February 9, 2015

Behind the Curtain - Part I

Here it is CHD Awareness Week again, and I have been giving some thought about what to write. Last year I posted each day about each of Tim’s surgeries, but I feel like that chapter has closed. Tim’s heart transplant was indeed a gift of life, and I worry less about his heart, but more about things I could have never predicted.

I thought this year I’d try to answer the question we hear so often, “so now what, is he just normal?”

When Tim was waiting for a transplant, the nurses and doctors told us that a transplant is not a cure, it’s just trading one chronic medical condition for another, the difference being that with a transplant the patient has a much better quality of life. For Tim this is 100% true. His diseased heart could not support him very much longer, and he was lucky, he received a heart that was a perfect match for him.

Tim looks like an average 8 year old. He is definitely on the small side, but can physically do anything he wants to do. On the inside, it’s a different story. For us, the cardiology part is familiar – daily medicine, lab work, and frequent check-ups. I think what has surprised us are the new specialties we must become familiar with - neurology, nephrology, neuropsychology and now infectious disease.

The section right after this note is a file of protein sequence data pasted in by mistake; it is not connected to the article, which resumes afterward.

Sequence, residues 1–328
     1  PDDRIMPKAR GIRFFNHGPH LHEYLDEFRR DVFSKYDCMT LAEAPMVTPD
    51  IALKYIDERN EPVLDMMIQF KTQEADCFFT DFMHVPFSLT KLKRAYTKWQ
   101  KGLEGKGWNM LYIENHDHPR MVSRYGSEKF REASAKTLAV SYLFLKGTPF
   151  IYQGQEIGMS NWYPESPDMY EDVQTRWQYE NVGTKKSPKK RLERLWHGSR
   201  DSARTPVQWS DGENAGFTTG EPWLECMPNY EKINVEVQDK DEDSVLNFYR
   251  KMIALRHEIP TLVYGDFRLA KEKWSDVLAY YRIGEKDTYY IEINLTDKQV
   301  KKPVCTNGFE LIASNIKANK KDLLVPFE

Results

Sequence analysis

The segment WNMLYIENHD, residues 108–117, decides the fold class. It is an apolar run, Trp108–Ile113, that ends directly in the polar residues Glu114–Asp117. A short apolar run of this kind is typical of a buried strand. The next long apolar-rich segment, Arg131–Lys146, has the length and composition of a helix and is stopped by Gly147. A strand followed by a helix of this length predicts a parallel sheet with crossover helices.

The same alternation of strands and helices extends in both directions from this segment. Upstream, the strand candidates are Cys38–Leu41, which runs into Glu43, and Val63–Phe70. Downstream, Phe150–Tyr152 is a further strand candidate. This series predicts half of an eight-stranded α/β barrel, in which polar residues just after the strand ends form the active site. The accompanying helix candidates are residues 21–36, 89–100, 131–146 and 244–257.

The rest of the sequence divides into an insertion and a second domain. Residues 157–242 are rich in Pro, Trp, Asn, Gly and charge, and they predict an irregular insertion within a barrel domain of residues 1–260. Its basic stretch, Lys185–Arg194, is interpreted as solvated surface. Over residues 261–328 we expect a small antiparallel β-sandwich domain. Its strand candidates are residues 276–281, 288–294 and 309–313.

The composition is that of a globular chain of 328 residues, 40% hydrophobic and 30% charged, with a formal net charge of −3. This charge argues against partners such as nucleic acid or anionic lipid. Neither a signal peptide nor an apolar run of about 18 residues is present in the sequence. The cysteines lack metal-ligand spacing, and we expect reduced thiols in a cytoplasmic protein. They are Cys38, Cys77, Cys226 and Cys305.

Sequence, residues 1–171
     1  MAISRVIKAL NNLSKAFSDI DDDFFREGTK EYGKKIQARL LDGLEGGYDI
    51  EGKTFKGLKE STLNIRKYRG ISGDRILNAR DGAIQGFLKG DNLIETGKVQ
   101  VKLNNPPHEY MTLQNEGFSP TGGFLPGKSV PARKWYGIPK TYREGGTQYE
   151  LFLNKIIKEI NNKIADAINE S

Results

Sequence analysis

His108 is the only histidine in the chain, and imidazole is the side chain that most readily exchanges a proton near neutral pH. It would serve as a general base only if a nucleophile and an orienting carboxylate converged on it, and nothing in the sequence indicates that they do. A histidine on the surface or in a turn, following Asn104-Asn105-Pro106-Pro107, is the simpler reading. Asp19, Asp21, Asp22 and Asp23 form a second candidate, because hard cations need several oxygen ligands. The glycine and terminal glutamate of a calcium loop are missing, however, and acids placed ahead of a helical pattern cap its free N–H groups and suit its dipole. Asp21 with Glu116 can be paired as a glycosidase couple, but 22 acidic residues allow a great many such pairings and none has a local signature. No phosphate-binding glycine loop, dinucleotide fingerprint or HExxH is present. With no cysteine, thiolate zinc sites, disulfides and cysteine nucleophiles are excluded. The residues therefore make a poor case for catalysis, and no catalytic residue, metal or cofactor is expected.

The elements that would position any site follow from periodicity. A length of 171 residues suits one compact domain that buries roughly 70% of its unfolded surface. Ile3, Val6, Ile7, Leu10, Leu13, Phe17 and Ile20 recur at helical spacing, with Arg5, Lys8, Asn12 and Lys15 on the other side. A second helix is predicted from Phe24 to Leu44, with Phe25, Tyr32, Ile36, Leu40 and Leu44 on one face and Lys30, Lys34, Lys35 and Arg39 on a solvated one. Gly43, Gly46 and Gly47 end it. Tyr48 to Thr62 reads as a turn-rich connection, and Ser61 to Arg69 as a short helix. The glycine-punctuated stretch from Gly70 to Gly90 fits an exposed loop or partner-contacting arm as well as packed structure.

Following his transplant, Tim had a brain bleed, which has left him with a seizure disorder. There seems to be no specific trigger for them, and they are pretty well under control with medication. Still, he has been rushed to the hospital 3 times after becoming unresponsive. Also, the medicine for his seizures is tough on his kidneys, so he sees a nephrologist to make sure his kidneys are healthy. We have been fortunate that despite his immunosuppression, Tim has been able to weather the usual colds that float around school, but this fall he contracted c. diff, a nasty intestinal infection that is not a danger to you or I, but quite dangerous for Tim. He was treated and recovered, but seems to have had a relapse in the last few weeks. The result of this is he lost about 10% of his body weight, and has felt much less than 100%. Additionally, the medicine to treat this infection interacts with his transplant medication, meaning he has to have blood draws at 7:00 a.m. every several days. We are seeing an infectious disease specialist this week to figure out a new treatment plan.

No comments: